The above photo shows Egyptian army soldiers beating a young woman in Tahrir Square in Cairo on Saturday, the second straight day of clashes with protesters that began on Friday and continued overnight. There’s no reason to believe that there was anything special about this woman or even about the way that soldiers treated her. Members of the army, once beloved by Egypt’s activists for standing by their side during the revolution in February, have sent hundreds of men and women to the hospital over the last 48 hours and have killed at least 10, some with live ammunition fired into crowds.
But there is something especially barbaric about this photo. The taboo of violence against unarmed women is unusually strong in the Arab world. But to watch three soldiers beat a defenseless woman with batons, their fists, and for one extraordinarily cruel soldier with his boot, is not even the most provocative part. For these men to pull her black abaya above her head and expose her midriff and chest is, for Egypt, a profound and sexually charged humiliation.
The Egyptian military, the strongest and most powerful institution in the country and perhaps the Arab world, has taken a dramatic and dark turn since winning power earlier this year. Though it initially safeguarded the revolution in February by protecting protesters from President Hosni Mubarak’s state security forces, it has gradually (if clumsily) consolidated power since his fall, declaring that it will retain independence from and control over any democratically elected government. As protests against the military have grown, the generals have abandoned their earlier pledges to support the people and refrain from violence against civilians. The SCAF — the Supreme Council of the Armed Forces, a panel of top military leaders — increasingly looks like Egypt’s new dictator. Its troops, now openly attacking civilians, are unlikely to deescalate their war against democratic activism.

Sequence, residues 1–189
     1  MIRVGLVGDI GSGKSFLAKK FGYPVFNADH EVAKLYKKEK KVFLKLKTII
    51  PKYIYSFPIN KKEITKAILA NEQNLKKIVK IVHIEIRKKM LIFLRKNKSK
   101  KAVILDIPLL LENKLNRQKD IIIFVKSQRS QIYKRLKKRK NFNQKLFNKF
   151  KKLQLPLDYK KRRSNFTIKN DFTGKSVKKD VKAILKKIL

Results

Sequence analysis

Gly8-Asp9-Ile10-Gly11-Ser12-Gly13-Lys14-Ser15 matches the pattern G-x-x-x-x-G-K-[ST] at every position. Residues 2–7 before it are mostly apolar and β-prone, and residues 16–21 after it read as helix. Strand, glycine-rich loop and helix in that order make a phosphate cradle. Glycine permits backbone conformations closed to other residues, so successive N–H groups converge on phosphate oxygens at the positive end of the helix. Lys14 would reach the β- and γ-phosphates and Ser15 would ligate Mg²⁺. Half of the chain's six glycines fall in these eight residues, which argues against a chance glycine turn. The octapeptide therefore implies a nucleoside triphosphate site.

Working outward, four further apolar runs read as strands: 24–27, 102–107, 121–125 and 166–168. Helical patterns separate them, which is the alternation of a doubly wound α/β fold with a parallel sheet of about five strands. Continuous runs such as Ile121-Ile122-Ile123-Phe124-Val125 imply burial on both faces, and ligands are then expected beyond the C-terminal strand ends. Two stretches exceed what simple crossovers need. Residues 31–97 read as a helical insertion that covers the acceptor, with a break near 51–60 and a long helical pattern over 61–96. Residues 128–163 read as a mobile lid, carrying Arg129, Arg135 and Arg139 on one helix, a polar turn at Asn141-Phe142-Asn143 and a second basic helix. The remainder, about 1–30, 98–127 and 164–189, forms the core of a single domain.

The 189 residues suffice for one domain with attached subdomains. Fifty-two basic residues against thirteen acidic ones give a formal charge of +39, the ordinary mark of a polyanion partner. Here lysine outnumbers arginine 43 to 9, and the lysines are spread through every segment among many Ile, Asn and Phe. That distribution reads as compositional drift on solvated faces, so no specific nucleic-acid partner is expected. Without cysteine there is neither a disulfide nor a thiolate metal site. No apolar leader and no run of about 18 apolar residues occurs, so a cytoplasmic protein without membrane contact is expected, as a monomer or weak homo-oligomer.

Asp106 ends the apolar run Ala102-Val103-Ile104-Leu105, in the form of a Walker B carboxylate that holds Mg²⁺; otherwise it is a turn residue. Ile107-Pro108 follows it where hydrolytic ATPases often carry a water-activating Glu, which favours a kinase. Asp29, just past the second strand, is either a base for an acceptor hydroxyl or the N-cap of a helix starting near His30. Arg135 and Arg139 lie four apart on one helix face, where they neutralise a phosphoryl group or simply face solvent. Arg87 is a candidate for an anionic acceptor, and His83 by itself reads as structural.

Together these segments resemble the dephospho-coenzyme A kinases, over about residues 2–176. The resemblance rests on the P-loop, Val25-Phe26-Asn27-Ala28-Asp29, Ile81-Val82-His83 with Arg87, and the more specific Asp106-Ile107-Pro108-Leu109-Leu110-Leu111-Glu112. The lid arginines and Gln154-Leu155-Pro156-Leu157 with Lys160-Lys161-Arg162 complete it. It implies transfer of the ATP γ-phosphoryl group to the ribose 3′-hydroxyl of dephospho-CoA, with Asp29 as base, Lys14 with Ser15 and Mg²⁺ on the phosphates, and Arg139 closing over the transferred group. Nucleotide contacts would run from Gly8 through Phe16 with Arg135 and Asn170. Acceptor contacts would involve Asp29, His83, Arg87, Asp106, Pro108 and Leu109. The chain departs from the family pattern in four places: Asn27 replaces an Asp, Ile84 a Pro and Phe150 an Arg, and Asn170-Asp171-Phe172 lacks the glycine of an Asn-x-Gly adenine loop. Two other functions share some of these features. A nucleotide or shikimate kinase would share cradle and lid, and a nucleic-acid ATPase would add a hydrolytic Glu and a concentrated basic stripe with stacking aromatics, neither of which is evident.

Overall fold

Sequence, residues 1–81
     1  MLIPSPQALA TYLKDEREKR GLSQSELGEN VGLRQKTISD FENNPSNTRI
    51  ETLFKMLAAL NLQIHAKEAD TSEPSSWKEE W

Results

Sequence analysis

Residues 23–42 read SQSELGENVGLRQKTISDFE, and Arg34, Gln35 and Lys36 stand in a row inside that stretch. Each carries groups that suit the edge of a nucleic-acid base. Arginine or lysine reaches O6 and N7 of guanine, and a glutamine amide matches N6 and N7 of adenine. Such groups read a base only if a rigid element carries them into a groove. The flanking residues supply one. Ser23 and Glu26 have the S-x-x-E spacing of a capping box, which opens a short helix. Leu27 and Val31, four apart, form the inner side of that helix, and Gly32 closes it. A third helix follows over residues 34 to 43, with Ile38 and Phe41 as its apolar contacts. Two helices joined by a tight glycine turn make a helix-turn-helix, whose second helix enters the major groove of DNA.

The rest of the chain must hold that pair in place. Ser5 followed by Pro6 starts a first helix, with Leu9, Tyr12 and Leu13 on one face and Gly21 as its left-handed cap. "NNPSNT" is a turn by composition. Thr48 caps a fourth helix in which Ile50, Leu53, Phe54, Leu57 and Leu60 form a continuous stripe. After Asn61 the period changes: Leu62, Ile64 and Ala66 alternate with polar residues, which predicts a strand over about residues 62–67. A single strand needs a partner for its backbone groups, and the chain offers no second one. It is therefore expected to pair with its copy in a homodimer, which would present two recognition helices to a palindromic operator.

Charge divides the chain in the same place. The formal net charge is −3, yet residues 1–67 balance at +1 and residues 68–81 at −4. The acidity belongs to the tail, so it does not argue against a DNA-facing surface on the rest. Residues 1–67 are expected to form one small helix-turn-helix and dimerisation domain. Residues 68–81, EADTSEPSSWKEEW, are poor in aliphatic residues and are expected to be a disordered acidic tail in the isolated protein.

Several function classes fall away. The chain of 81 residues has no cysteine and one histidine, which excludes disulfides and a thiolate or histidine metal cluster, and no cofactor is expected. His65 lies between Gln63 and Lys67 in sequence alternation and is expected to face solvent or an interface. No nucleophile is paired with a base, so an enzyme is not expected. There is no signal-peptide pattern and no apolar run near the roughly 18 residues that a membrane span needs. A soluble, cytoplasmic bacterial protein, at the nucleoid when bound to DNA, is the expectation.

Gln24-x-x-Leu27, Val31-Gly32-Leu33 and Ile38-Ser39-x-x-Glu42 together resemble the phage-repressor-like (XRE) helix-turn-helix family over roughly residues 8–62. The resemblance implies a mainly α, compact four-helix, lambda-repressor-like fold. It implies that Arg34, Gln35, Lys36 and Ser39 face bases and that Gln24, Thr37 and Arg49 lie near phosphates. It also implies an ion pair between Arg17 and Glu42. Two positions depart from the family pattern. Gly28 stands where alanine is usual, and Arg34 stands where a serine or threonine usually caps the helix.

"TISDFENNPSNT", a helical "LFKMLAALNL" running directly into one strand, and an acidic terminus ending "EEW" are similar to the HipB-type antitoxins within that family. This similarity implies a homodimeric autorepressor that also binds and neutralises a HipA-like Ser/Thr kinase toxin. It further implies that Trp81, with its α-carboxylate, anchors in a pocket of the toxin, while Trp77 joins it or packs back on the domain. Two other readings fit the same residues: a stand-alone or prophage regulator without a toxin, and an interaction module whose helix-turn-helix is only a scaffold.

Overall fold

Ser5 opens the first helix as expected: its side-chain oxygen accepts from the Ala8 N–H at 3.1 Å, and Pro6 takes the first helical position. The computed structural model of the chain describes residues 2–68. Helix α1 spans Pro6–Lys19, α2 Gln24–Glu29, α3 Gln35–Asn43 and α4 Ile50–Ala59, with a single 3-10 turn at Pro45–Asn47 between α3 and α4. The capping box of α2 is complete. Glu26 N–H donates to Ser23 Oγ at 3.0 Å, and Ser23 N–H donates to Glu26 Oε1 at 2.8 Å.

A few months ago some people were getting giddy over revolts in the Arab world. They wanted us to join them in supporting these revolts. Some of us were less than enthusiastic.
History teaches us is that those who start revolutions are often not the same ones who finish them, and brutal dictatorships are rarely replaced by peaceful democracies. And when you upset an apple cart the apples don’t always roll the way you expect.
Among the people who were getting giddy over revolts in the Arab world were the Occupiers. I hope they are paying attention but I doubt it. They are too full of themselves to let reality intrude.